So how do we escape from the silos? What would a second-act, idea-sorting process look like if we were determined to embrace complexity and inoculate a process against unintended consequences?

The Walk and Chew Gum Mandate

Let’s use the ten universal comp plan aspirations above as the starting point for goal setting. Then, nodding to the complexity of life in general and to community planning in particular, let’s recognize that goals and the strategies to achieve them are interdependent. We can devote all our resources and energies to one goal and be confident we can deliver on at least that promise — but only by risking under-delivering or undermining on the others. We’ve got to walk and chew gum.

Which means measuring outcomes by the degree to which strategies support or at least have minimal impact on each of the goals we’ve determined to be essential to a success story. Check this out:

Click for larger view.

Click for larger view.

Under “Goals,” the sentences in the generic comp plan are generalized into verb phrases that shape a question for each of the strategies under consideration: Given everything we know, all the knowledge and experience we can bring to the question, what’s the likelihood that this strategy will deliver on this goal’s promise?

There are three alternative strategy sets. One is “Business as Usual.” No intervention in the status quo. Simply carry on. The other two reflect degrees of ambition. The modest set of strategies may be those for a minimally disruptive neighborhood or corridor redevelopment plan, probably responding to long-standing requests from neighborhood residents and businesses. The most ambitious approach might include the modest redevelopment effort, but in an expanded planning area requiring rezoning, transportation/parking planning and considerable public process.

The exercise requires assigning numerical values to likely outcomes for each strategy under each of the ten aspirations. A zero indicates a likelihood of no impact. A negative value (-1) suggests the strategy is likely to inhibit that goal’s achievement. A positive value (+1) suggests goal enhancement. The total under each strategy implies the cumulative potential for a strategy delivering on the whole package of hopes.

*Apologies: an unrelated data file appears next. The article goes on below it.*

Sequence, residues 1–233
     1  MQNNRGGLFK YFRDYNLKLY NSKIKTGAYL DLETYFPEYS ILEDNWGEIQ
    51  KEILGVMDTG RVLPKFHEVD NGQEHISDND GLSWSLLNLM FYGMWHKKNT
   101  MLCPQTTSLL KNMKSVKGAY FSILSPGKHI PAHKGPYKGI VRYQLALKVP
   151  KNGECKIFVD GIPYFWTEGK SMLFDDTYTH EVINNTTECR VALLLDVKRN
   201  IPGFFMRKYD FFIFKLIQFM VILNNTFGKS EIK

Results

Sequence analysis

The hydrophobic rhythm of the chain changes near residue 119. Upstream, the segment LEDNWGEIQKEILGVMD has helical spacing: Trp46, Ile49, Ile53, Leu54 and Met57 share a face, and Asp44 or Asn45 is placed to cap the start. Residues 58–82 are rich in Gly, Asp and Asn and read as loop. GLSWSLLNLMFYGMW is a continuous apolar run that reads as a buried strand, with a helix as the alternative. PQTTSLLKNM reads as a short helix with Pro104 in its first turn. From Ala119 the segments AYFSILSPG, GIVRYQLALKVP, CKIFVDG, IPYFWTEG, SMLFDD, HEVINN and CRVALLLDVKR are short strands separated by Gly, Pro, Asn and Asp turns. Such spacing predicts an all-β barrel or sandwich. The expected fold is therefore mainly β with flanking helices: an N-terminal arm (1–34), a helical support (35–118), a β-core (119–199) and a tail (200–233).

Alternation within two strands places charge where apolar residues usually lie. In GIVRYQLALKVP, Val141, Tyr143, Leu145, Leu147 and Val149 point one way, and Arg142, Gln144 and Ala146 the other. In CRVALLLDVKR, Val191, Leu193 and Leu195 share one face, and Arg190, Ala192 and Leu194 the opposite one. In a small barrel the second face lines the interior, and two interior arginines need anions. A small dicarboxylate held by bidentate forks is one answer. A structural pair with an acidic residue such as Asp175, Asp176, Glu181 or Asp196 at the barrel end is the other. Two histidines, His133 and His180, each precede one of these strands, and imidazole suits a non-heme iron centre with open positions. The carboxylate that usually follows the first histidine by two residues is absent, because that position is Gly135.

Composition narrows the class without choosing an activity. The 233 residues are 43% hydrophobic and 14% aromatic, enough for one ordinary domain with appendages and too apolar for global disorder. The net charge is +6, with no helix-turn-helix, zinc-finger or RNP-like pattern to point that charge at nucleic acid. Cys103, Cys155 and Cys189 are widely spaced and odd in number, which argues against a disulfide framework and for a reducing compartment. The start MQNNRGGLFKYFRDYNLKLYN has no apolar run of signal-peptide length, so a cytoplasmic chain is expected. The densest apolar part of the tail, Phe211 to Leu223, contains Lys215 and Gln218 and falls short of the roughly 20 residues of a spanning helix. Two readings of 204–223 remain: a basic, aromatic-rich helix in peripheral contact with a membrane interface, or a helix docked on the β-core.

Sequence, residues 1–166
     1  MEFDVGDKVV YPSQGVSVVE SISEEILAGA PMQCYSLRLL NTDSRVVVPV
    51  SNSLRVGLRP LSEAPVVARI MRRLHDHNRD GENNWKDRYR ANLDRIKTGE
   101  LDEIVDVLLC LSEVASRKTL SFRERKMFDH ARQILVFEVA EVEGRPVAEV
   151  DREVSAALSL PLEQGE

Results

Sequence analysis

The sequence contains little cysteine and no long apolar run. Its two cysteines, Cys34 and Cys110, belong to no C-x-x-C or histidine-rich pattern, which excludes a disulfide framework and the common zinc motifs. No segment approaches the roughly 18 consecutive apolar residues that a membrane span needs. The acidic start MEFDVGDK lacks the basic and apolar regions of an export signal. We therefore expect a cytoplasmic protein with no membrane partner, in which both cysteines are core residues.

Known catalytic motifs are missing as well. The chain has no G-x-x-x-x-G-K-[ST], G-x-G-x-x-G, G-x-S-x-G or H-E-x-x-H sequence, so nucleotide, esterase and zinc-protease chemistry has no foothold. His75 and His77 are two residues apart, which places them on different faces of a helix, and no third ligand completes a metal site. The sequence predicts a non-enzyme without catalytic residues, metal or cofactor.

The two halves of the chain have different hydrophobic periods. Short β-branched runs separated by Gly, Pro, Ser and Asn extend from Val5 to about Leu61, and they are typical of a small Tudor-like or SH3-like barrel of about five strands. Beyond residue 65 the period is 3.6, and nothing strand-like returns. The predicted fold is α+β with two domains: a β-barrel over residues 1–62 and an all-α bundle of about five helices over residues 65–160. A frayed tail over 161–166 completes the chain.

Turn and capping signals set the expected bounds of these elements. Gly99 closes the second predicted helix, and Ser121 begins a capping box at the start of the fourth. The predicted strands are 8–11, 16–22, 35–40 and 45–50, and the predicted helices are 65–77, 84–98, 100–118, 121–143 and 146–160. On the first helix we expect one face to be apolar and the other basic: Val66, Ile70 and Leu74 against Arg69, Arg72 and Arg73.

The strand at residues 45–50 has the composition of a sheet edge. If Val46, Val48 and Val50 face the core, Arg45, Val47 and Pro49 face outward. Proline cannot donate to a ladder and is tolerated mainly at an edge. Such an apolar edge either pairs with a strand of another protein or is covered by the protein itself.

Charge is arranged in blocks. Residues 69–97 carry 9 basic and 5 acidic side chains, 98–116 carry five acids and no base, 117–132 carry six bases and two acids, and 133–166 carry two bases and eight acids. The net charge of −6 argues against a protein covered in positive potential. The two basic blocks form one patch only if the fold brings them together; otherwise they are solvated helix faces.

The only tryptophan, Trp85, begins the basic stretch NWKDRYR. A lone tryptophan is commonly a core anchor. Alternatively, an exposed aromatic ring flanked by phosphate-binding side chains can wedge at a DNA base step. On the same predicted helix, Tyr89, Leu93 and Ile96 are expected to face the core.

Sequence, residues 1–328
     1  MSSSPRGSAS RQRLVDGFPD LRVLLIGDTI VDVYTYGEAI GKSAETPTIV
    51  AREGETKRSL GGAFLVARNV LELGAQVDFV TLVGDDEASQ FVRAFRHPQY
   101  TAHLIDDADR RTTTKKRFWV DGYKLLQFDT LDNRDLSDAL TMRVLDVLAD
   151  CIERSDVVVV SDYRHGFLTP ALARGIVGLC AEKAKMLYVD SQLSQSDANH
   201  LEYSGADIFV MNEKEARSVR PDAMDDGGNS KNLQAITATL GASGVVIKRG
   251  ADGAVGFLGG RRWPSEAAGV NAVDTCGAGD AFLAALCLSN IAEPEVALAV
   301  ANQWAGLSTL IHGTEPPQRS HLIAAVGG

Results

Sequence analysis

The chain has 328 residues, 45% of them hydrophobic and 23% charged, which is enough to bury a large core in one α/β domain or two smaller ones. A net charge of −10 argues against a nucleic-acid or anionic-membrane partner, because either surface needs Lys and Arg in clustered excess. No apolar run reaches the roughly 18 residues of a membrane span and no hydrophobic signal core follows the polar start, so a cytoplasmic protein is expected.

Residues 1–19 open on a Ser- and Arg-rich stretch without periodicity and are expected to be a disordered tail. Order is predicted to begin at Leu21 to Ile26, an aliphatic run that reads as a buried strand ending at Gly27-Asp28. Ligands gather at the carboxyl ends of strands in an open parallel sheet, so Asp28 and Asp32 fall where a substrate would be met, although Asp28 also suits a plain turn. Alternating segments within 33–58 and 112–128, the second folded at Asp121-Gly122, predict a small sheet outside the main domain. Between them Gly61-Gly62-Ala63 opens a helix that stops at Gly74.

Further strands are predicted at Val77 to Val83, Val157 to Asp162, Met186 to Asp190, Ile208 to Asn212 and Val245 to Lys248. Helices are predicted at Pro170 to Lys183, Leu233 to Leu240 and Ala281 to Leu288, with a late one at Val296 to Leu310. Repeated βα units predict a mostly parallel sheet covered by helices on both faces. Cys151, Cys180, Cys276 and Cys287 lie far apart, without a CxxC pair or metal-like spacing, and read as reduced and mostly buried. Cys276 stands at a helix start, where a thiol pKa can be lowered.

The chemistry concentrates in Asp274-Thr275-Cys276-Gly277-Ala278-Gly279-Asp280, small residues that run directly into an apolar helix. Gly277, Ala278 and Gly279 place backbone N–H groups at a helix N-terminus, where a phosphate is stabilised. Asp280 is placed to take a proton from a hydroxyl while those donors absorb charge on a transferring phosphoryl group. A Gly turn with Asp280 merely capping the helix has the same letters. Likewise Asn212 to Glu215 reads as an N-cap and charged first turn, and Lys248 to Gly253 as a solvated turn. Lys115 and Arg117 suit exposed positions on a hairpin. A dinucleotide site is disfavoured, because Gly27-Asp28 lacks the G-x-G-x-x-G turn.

Is assigning numerical grades to likely outcomes subjective?

Of course. There’s going to be debate. The idea is to nudge that debate off the winner-take-all battleground of silo-bound arguments and into territory where information – the experience of other communities, technical data, expert analyses – has a shot at having influence and where trade-offs can be acknowledged and considered. Having to defend a prediction over what’s likely to happen if we do this as opposed to that, is way better than being allowed to veto a process that fails to affirm old, unrealistic priorities.

In the example here, I subjectively assigned values under the three strategies based on experience in community processes. The negative numbers under “Business as Usual” reflect assumptions that we wouldn’t be talking about alternative strategies if the ones in place were delivering on promises.

The moderately ambitious strategy delivers moderately effective outcomes. No negatives. But because it restricts its scope and aspirations, it earns no-impact numbers in a few categories.

The ambitious strategy pays the price for its ambitions by annoying those resistant to change. So even if it tries for an inclusive public process, it doesn’t get credit for the effort. And because it promises change to the way things are, if neighbors in the planning area weigh in, they’re likely to downgrade the “community character” effort. Yet despite those handicaps, the most comprehensive effort grades out higher.

Since I’m more interested in putting a useful tool on the table than in testing specific approaches, I purposely kept the moderate and ambitious strategy sets ambiguous. You’re invited to modify the graphic to match a project you’ve undertaken or are considering.

Refine the goals. Clarify the alternative strategies. Argue over the grades you’d assign. Let me know how it works out and how you’d improve the model.

Ben Brown